Half of Samburu County children are born to teenage mothers

The alarming rate of teenage pregnancy and childbirth in  Samburu County is a growing concern. At least 50 per cent of children in here are born to teenage mothers between the ages of 15 and 19.

Photo credit: Jesse Chenge | Nation Media Group

What you need to know:

  • Samburu County is facing a critical social crisis as recent data reveals that at least 50 per cent of children are born to teenage mothers aged 15-19.
  • This alarming trend, attributed largely to negative cultural practices, is part of a broader "triple threat".
  • Stakeholders are mobilising to combat these issues through awareness campaigns, engagement with community elders, and international partnerships.

At least 50 per cent of children in Samburu County are born to teenage mothers aged 15-19 according to data revealed during a population stakeholders' forum in Maralal town.

Janet Lunyao, the National Council for Population and Development (NCPD) South Rift Region coordinator, described this trend as worrying and emphasised the need for stakeholder collaboration to reverse it.

While teen births have been declining nationally, Samburu County has seen an increase.

The 2019 Census reported a population of about 65,425 youths aged 15-24 years in the county. Janet stressed that teenage pregnancies infringe on girls' fundamental right to education.

To address this issue, “the NCPD, in partnership with National Government Administration Officers (NGAO) and other entities, is running a campaign targeting the "triple threat" of teenage pregnancy, HIV, and gender-based violence (GBV). Lunyao explained that teenage pregnancies in Samburu County may lead to new HIV infections and early marriages, potentially resulting in GBV,”Janet said.

The 2022 Kenya Demographic and Health Survey ranked Samburu, West Pokot, and Marsabit as the counties with the highest rates of teen pregnancies. Samburu led at 50 per cent, followed by West Pokot at 36 per cent and Marsabit at 29 per cent. The report also revealed that Samburu girls lose their virginity at an average age of 15.6 years.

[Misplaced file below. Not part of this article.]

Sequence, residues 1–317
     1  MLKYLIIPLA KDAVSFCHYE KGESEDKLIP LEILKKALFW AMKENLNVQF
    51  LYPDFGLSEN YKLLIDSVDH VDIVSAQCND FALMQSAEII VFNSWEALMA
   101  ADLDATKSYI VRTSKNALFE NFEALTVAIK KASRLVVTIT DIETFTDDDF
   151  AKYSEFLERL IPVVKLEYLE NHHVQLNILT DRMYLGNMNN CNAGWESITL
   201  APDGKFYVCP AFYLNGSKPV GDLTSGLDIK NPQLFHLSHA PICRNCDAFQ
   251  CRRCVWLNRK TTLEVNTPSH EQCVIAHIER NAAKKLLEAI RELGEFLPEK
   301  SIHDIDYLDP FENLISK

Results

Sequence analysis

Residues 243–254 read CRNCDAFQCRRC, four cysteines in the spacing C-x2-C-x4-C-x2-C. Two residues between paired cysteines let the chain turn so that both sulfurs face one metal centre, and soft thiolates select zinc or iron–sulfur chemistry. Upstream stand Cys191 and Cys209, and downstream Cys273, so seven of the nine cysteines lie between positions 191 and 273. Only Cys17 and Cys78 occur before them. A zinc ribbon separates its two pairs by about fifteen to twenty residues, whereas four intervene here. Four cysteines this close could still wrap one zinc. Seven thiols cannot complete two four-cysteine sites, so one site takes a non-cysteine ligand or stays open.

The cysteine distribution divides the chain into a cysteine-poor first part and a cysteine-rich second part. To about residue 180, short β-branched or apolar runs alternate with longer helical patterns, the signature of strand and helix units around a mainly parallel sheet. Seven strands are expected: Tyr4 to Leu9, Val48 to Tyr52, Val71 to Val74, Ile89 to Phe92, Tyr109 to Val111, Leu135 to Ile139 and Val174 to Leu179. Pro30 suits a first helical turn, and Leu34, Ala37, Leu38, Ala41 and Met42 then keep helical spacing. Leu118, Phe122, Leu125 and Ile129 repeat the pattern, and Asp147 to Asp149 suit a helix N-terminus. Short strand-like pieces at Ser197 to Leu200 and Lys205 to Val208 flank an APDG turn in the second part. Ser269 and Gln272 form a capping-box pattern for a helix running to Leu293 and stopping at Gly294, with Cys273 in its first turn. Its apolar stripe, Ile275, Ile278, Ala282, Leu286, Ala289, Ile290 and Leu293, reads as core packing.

These high rates of teenage pregnancies in Samburu County are largely attributed to negative cultural practices.

In this pastoral society, girls face intense pressure to marry and bear children early. Female Genital Mutilation (FGM), early marriages, and gender-based violence are widespread across the devolved unit.

To combat these issues, the government has sought to engage Samburu elders as ambassadors in the fight against gender violence. Multiple declarations and agreements have been signed, with elders committing to abolish gender violence against girls and women in the region.

Recently, Kenya and Finland signed a bilateral program to involve Samburu in the fight against retrogressive practices. This Memorandum of Understanding (MoU) incorporates various stakeholders, including local leaders, religious leaders, and elders, in efforts to eradicate GBV and other harmful cultural practices.

The United Nations defines gender-based violence as acts that inflict physical, sexual, or mental harm, as well as other forms of suffering, coercion, and limits on personal freedoms.

GBV has long-term consequences on the sexual, physical, and psychological health of survivors. In Samburu County, violence against women and girls remains one of the most prevalent human rights violations, perpetrated through early marriages, FGM, and other forms of exploitation.